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Data protection safeguards for children (‘digital age of consent’) consultation now open




Submissions are now being accepted in relation to the statutory age of consent threshold (“age of digital consent”) to be applied in Ireland in the case of information society services offered directly to children, as required by General Data Protection Regulation (GDPR).

The GDPR provides that in relation to the offer of information society services (goods and services that are offered online, including social media), a person who is at least 16 years old can provide consent to the processing of their personal data. Where the child is younger than 16 years, there must be parental consent for the processing to be lawful.

However the GDPR goes on to say that a member state may provide by law for a lower age for the purposes of information society services provided that such lower age is not below 13 years.

The purpose of the consultation is to seek the views of interested parties on the statutory age of digital consent to be applied in Ireland.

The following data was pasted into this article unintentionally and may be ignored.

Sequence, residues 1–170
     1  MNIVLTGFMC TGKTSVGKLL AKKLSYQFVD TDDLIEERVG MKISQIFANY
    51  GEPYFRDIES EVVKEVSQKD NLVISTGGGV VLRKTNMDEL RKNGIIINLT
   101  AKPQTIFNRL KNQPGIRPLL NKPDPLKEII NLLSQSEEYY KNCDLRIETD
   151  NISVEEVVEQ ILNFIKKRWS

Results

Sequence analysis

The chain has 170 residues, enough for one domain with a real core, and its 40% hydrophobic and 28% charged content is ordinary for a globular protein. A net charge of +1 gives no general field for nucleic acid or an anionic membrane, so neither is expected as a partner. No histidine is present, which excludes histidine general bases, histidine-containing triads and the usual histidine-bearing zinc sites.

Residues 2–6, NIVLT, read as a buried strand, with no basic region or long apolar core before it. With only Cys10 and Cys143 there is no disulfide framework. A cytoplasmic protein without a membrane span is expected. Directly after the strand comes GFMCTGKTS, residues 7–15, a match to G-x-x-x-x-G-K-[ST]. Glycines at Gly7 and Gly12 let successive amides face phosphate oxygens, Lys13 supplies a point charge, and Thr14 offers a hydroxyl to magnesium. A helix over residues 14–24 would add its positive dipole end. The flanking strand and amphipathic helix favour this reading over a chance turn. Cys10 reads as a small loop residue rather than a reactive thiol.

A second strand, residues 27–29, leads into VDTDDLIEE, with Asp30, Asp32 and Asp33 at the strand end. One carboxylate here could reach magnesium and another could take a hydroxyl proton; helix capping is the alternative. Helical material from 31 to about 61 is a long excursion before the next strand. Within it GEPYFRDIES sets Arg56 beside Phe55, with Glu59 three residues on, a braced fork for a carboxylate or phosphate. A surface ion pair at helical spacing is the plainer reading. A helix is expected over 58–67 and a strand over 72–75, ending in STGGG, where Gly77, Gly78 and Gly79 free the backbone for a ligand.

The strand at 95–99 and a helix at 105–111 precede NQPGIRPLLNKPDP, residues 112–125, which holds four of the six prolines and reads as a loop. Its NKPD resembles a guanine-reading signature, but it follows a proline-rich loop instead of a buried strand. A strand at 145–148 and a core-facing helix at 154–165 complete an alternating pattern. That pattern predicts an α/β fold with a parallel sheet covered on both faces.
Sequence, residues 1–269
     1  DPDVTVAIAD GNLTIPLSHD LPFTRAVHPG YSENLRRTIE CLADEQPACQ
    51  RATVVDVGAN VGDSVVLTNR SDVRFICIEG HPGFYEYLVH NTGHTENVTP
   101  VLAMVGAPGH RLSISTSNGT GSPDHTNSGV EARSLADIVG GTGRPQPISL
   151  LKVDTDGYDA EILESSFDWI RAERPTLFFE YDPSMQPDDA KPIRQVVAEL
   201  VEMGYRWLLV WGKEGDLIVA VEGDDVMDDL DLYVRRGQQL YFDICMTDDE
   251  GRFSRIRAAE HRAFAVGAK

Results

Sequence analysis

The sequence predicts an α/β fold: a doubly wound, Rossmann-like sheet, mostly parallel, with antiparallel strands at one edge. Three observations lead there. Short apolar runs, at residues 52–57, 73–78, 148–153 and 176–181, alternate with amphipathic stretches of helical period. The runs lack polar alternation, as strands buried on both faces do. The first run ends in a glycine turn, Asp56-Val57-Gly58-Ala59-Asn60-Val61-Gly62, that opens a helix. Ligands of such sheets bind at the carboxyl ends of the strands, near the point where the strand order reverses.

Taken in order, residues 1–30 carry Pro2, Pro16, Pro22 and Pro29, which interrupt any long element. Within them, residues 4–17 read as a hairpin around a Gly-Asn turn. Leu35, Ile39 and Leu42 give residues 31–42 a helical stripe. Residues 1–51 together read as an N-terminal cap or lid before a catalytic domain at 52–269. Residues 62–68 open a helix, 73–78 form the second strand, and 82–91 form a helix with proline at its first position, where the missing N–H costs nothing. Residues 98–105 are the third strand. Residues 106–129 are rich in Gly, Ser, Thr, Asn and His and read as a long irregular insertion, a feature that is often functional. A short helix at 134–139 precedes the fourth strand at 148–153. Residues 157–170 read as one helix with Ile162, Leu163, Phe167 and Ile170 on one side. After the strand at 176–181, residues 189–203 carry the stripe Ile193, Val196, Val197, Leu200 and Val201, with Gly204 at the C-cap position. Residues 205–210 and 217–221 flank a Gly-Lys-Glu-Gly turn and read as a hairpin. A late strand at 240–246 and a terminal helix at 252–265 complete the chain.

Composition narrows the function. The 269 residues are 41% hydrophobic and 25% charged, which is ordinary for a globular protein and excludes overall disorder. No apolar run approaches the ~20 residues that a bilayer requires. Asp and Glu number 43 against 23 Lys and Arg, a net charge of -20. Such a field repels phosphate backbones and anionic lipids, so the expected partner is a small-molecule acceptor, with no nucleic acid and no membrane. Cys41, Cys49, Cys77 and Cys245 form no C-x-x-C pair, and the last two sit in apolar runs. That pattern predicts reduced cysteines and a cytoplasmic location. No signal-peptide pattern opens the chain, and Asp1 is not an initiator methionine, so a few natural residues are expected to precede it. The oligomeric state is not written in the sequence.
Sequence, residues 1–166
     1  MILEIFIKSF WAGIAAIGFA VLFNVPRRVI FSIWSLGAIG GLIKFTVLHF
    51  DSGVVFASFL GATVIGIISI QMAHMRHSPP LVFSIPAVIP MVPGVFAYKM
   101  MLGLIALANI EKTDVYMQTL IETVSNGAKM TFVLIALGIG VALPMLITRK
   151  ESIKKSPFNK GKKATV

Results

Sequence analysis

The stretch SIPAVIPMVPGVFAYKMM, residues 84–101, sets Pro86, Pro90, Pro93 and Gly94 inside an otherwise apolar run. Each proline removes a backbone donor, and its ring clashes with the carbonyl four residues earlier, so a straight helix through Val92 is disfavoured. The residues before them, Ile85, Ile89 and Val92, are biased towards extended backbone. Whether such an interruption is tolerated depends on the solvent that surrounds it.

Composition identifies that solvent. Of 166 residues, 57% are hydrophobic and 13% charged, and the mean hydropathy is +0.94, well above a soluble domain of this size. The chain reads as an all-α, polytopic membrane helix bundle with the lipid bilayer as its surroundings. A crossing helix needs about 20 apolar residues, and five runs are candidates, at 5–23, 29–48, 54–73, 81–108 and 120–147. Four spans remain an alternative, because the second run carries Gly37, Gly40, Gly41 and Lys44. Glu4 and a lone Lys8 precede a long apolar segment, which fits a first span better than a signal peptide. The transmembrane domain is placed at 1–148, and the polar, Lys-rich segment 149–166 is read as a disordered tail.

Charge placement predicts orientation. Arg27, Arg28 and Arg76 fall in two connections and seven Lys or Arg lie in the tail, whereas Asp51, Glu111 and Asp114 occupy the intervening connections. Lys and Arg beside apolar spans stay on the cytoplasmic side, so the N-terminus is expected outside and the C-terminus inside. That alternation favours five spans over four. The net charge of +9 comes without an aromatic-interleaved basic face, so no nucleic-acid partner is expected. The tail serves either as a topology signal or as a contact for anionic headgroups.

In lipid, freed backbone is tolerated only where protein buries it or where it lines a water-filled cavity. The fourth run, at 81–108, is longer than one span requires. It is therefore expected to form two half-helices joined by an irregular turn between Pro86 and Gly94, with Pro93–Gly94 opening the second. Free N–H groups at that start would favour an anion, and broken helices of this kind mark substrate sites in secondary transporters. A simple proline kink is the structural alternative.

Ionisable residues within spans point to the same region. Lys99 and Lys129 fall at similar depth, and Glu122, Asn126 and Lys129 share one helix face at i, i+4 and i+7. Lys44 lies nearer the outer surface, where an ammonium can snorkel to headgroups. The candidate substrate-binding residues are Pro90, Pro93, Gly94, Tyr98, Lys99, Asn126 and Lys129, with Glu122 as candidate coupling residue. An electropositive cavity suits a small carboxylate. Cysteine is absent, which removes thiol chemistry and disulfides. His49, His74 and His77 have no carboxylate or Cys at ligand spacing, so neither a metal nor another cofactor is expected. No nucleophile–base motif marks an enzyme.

Submissions will be considered by the Tánaiste and Minister for Justice and Equality when formulating proposals for Government on the digital consent threshold to be incorporated into forthcoming data protection legislation.

The closing date for receipt of submissions is Friday, 2 December. Submissions may be sent by e-mail to or by post to the Department of Justice and Equality.

Please click here for further details.

See the following link for the consultation paper: Consultation paper Data protection safeguards for children (‘digital age of consent’)

It will be interesting to see how this derogation works across all member states. If member states decide on different statutory ages of consent, this could put vendors in the situation where they have to deal with varied ages of consent for the same product or service depending on where the consumer is based.